Explore deep inside your actions

I had an exceptionally shitty day one day some time ago.

You know, the kind where starting from the morning you can’t really seem to get out of bed for lack of motivation and then everything just gradually goes to crap from that.

I was tired, unmotivated and stressed to begin with, so every little mishap felt like a ton of bricks falling on me.

And the anxiety started growing with each little obstacle until such time I felt completely worthless, annoying to others and ready to burst in tears any second – which I did, by the way.

Lessons from within

I learned a valuable lesson that day though. Seems that my ego is a scared little child, that goes into complete “fuucckkkk” mode, when certain things happen and I’m not aware of my emotions.

First of all; I wasn’t invited to a meeting that morning, which I felt I should’ve been included in.

As someone who went through a couple of periods in life, where I was bullied at school – by excluding me from group activities and talking shit behind my back – I’m on high alert when I feel like I’m not part of the group somehow.

Next thing that threw me off was that I had given a certain task to handle and I wasn’t able to complete it, because no one knew the right answers. I got really frustrated, because I felt I was not taken seriously. Later I heard from a third person, that they were actually working towards a solution on this – but no one had bothered to mention it to me. The frustration that followed from this incident comes down to not only feeling excluded again, but also feeling like I am not treated as an equal professional.

And right there – there is another really familiar feeling to me, which throws me completely off balance. But this one is harder to figure out where it comes from. Why do I sometimes get the feeling I am treated like a five-year old? And especially; why do I stoop to that level and throw a temper-tantrum, because “oh, the world is treating me so unfair I can’t believe it!”

Compartmentalising the feelings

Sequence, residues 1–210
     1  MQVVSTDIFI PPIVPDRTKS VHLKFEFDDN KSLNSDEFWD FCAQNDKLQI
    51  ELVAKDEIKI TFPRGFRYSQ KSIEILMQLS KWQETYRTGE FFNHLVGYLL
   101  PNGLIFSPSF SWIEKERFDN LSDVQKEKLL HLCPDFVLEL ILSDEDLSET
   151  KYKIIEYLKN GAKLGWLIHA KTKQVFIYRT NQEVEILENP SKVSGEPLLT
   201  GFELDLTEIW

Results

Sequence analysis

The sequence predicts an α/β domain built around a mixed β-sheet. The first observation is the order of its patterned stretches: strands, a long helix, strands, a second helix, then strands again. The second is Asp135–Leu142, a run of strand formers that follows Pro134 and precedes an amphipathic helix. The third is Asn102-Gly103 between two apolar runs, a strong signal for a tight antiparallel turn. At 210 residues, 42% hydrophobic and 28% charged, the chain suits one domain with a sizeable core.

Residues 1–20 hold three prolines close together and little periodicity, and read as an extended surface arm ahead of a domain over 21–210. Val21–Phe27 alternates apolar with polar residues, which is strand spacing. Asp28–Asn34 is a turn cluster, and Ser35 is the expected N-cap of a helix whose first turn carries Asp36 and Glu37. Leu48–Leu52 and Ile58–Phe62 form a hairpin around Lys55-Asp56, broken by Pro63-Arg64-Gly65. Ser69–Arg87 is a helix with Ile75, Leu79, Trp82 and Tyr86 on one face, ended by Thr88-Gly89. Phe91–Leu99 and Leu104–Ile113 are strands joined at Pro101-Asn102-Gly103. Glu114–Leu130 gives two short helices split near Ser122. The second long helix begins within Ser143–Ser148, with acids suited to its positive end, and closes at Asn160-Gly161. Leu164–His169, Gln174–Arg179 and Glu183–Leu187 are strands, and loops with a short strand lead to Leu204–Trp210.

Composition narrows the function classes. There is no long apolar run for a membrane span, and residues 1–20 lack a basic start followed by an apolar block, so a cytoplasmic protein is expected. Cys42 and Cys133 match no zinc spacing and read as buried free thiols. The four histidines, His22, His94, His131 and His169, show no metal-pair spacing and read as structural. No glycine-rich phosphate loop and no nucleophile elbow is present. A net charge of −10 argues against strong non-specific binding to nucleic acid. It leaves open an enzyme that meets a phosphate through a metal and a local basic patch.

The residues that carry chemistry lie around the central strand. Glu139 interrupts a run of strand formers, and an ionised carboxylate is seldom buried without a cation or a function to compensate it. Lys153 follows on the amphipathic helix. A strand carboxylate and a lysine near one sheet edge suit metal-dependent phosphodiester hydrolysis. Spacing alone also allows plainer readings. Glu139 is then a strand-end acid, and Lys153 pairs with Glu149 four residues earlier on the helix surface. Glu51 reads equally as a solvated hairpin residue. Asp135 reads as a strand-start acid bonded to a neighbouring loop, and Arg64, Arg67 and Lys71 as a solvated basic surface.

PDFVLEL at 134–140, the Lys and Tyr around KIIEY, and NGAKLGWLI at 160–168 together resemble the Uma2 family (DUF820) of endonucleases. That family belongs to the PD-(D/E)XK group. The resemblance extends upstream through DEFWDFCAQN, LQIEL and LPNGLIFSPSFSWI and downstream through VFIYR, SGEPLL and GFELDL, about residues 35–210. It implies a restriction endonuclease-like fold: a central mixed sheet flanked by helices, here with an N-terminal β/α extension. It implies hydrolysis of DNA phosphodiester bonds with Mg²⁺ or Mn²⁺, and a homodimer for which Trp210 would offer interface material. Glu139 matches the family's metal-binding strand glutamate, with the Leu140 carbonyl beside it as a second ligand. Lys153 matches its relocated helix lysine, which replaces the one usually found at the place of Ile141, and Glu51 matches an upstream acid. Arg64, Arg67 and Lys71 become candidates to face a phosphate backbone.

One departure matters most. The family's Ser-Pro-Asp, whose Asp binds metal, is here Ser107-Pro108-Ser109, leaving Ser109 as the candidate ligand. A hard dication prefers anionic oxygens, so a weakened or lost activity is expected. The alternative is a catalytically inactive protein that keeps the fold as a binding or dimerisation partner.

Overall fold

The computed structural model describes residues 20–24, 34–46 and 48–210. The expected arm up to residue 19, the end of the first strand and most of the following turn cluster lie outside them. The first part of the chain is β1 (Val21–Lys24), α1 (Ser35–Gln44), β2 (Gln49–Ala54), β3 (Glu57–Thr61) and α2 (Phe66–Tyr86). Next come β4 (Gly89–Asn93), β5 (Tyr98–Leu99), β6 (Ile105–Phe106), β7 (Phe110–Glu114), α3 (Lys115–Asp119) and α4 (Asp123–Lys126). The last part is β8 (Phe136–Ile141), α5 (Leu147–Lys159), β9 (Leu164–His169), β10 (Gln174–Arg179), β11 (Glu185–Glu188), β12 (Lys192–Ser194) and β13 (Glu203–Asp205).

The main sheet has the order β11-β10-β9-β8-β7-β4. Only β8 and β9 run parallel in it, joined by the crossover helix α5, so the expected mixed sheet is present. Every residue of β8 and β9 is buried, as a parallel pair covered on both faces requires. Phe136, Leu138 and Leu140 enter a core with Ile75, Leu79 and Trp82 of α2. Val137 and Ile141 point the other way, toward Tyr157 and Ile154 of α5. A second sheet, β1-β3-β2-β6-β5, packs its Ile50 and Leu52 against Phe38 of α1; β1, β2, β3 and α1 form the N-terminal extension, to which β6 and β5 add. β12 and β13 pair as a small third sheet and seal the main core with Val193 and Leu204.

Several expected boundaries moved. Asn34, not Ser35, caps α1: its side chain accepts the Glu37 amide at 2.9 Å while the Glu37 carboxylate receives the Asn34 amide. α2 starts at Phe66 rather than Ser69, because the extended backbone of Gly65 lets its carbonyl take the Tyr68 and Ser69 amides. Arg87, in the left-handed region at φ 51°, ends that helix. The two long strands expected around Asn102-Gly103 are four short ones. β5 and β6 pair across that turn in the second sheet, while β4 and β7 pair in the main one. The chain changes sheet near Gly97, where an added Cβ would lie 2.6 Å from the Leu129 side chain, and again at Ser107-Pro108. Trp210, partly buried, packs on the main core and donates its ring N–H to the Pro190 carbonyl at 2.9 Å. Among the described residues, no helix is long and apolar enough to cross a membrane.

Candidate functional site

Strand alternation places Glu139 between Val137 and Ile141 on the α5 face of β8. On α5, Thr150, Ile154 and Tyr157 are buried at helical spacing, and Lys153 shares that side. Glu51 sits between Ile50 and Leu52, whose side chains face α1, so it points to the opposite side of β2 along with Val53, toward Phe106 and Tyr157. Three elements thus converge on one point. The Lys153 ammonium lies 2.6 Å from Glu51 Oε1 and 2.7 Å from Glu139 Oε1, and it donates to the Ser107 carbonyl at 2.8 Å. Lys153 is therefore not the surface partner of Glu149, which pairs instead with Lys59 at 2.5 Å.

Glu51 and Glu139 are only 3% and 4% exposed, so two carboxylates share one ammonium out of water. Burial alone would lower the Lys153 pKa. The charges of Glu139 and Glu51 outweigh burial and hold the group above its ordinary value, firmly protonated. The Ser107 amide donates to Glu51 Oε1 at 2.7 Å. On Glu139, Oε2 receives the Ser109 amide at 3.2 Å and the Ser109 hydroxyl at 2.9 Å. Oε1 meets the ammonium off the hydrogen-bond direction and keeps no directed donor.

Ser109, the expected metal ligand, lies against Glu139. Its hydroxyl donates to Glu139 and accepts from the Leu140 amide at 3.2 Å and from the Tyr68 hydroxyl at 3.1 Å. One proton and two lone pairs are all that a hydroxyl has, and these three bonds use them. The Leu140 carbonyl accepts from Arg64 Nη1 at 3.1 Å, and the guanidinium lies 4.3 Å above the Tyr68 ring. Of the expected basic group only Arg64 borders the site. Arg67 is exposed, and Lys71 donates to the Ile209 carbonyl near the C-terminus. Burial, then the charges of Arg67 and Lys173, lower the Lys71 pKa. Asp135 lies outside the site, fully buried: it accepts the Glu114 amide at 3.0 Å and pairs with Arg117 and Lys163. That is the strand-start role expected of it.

It’s not like I was able to analyze anything while I was having my hissy fit.

While it was happening I was just pissed and the only thing I could think of, was pouring my heart out to a friend, who has an uncanny ability to calm me down. Problem there was it made me feel even worse, dumping all that anger and frustration on someone else (even if I always tell my friends it’s exactly what we are in each other’s lives for!).

So when I had calmed down eventually, I started compartmentalising.

I use a technique learned from therapy, where I try to figure out after the fact, what I just went through. What happened, what was I thinking, how I was feeling and what my actions were. See here for a compact explanation of the technique.

Mind you, the point is not to stop you from having these feelings. The point is to start recognizing the triggers and learning to let go. The feeling may come, you’ll understand why it came and then you’ll adjust your actions in the long run.

That should hopefully lead into a situation somewhere in the future, where I won’t let one single feeling dictate the course of a whole day. Or at least that’s how I see this concept will and is actually already helping me.

So what?

I’m quite fond of my slightly dramatic nature, and would never want to stop feeling things deeply. But just every now and again I would like to get over the situations in slightly less time.

So if you, like me, have a tendency to get overagitated quite easily, it might be helpful to you(r bloodpressure) to try and dig deep behind your actions.

Chance is you’ll learn intresting things about yourself.

Nature always helps me calm down

Start trying, start failing

I had a bit of an epiphany today.

For quite a long time now I have been a perfectionist. I don’t know exactly how I have developed this tendency, as I’m quite sure I wasn’t always like that.

To me perfectionism can be summarized to the sentence “I’m not good enough.”

I feel I am a failure if I believe I don’t perform as well as others. And I often believe that. I have a hard time showing people who I really am, in fear of not being accepted. Hell I may not send messages to old friends on my worst days for fear of bugging them.

I don’t ask for help, cause I have to be strong. I never rejoice if others fail – I’m way too kind for that – but other people’s success does make me feel average. And oh how I abhor that word! I truly want to excel at everything I do and procrastinating is a huge part of that.